Written by Blue Team: Ashley Farrington & Michelle Blue, Windermere Woodinville
Its all over the news that the local real estate market is slowing down – whether it really is for your home and neighborhood is something you should talk to your Broker about. The economic forces of supply & demand vary not only by city but by neighborhood, home style, and home condition. In a balanced market, it is even more important that you get good advice and you make sure your home stands out from the competition to ensure that you sell quickly and at its highest price.
The winter season is upon us. We can either stay inside and hibernate, or go out and embrace it. If you prefer the latter, fitness instructor and outdoor enthusiast, Sara Graham, reveals a personal favorite snowshoeing hike.
"I chose Rock Ridge Trail because this was a trail that I stumbled upon while looking for another hike in Lake Wenatchee State Park. "
Sara explains that part of the allure of this hike is that it is little known to the public. "Often we are the only car in the parking lot, meaning that we are the only ones on the trail." Rock Ridge Trail has more to offer than just a solitary commune with nature. Washington State Parks Commission describe this trail as 3.8 miles which traverses a low ridge providing nice views of the valley.
Written by Lisa Yeager, Sno-Valley Senior Center Director
Many people say that what they most fear about aging is getting dementia. But did you know there is a lot you can do now (no matter your age) to prevent dementia in later years.
In 2017, the Lancet Commission released a life-course model for dementia risk that stretched from a person's genetic risk at birth, to early life education level; middle-age hearing loss, hypertension, and obesity; and late-life smoking, depression, physical inactivity, social isolation and diabetes.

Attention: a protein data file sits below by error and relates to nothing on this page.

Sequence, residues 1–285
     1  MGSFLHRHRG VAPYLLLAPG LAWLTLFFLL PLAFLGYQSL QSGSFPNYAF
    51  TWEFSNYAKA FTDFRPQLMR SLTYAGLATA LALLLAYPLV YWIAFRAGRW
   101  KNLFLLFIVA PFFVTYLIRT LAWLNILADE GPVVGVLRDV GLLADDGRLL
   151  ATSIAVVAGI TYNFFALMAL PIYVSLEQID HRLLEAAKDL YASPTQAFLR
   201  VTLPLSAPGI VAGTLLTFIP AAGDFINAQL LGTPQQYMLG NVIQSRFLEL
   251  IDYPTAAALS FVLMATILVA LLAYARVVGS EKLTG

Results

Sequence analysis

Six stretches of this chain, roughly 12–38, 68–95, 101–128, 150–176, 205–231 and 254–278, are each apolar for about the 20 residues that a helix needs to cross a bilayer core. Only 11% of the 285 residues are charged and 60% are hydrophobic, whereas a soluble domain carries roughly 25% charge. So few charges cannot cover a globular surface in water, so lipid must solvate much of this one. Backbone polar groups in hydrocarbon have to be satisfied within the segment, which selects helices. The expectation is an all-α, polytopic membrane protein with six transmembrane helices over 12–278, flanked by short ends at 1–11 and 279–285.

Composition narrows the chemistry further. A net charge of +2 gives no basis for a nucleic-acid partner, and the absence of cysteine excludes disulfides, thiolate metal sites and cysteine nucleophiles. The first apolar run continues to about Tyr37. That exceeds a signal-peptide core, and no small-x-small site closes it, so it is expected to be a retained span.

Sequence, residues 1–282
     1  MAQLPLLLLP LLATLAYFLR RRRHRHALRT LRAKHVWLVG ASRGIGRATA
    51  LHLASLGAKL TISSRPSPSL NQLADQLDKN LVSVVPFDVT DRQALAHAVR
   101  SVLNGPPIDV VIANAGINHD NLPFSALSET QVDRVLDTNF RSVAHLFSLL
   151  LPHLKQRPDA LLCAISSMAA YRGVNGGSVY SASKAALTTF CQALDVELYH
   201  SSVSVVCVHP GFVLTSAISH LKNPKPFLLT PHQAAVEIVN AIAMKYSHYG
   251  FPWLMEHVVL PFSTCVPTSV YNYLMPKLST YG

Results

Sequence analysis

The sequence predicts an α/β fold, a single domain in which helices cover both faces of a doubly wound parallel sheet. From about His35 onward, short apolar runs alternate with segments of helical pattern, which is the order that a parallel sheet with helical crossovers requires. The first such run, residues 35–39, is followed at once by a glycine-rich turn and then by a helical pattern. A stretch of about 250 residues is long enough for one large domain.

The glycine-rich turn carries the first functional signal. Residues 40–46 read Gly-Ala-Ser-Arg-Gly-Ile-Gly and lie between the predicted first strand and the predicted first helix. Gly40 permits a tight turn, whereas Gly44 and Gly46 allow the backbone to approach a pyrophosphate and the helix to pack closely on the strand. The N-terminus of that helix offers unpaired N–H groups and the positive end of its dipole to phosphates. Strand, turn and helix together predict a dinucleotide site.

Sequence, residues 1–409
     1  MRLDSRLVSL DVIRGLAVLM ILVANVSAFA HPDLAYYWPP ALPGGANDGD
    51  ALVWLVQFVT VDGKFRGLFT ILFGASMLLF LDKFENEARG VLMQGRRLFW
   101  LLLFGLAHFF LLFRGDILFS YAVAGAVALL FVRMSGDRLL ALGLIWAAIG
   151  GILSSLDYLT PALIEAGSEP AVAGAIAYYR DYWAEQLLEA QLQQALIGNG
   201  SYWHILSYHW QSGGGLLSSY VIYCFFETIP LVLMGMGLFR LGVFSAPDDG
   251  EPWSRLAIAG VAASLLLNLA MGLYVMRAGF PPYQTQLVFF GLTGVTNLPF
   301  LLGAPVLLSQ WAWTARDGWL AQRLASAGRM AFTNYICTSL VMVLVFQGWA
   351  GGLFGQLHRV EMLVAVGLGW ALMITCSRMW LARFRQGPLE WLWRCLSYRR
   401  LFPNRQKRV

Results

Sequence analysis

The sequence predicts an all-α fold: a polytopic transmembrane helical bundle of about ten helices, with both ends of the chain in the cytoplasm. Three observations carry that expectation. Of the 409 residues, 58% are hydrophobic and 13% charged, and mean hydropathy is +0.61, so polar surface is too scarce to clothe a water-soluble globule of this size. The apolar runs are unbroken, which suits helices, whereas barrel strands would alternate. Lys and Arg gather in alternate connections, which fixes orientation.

"The evidence we’re seeing now suggests that decisions you make in mid-life can impact your chances of getting dementia, as well as your brain health after diagnosis,” Professor Ritchie said.
While sustainability may seem like a buzz word that wound its way into pertinence to some, the concept has largely ruled supreme for communities like Woodinville. The land is still as bountiful— yet maybe not as plentiful—as it once was. The soil is soft and fertile. The blossoms continue to bloom. With the boom of wineries and other beverage producers that occupy the city’s tourist district, it has been in vogue to tout the benefits of producing the finest, most organic products possible. Before many of the shops had ground their way into one of Washington’s most tantalizing microclimates, the search for a new Woodinville Farmers’ Market occupied the minds of a few at the end of the ‘90s. By 2005, a 21-acre parcel had been purchased. The following year, the organization and site were officially named 21 Acres.
In December of 1976, a little boy named Craig wrote a heart-wrenching letter to Santa Claus. The little boy’s letter said that he and his sisters’ mother told them that Santa had become lost last year when he was trying to deliver Christmas presents to the family’s house. Craig ensured Santa that he and his little sisters had been good all year, but their mother told them that Santa was going to get lost trying to find their family’s house again. To help Santa find his way, Craig drew a map. Craig signed off his letter affectionately before writing, “P.S. Don’t leave anything for dad because he isn’t here anymore.”
The letter did not make its way to the North Pole but somehow landed in a Seattle restaurant ran by a man named Dick Francisco. Francisco was so touched by the letter he started The Forgotten Children’s Fund (FCF). FCF is a grassroots organization that is ran exclusively by volunteers and donors who give both their time and money to make it so kids who face tough circumstances can still have the warm, merry, and special Christmas they deserve. In 1976, FCF managed to bring Christmas joy to 285 kids in 81 families. Now, the wonderful organization has grown large enough to bring cheer to over 800 families, totaling more than 2,900 children at the end of December.
The families are each carefully selected by FCF. FCF then makes sure they have complete knowledge of each family they assist from the names and ages of the kids, to their clothing sizes and any special needs a family might have. Sometimes, FCF gifts things like donations of groceries or even aids with basic payments on things like electricity or water bills. The FCF currently operates in King County, Lewis County, North Counties (including Skagit, Island, Snohomish and Whatcom Counties) and Chelan Counties of Washington State.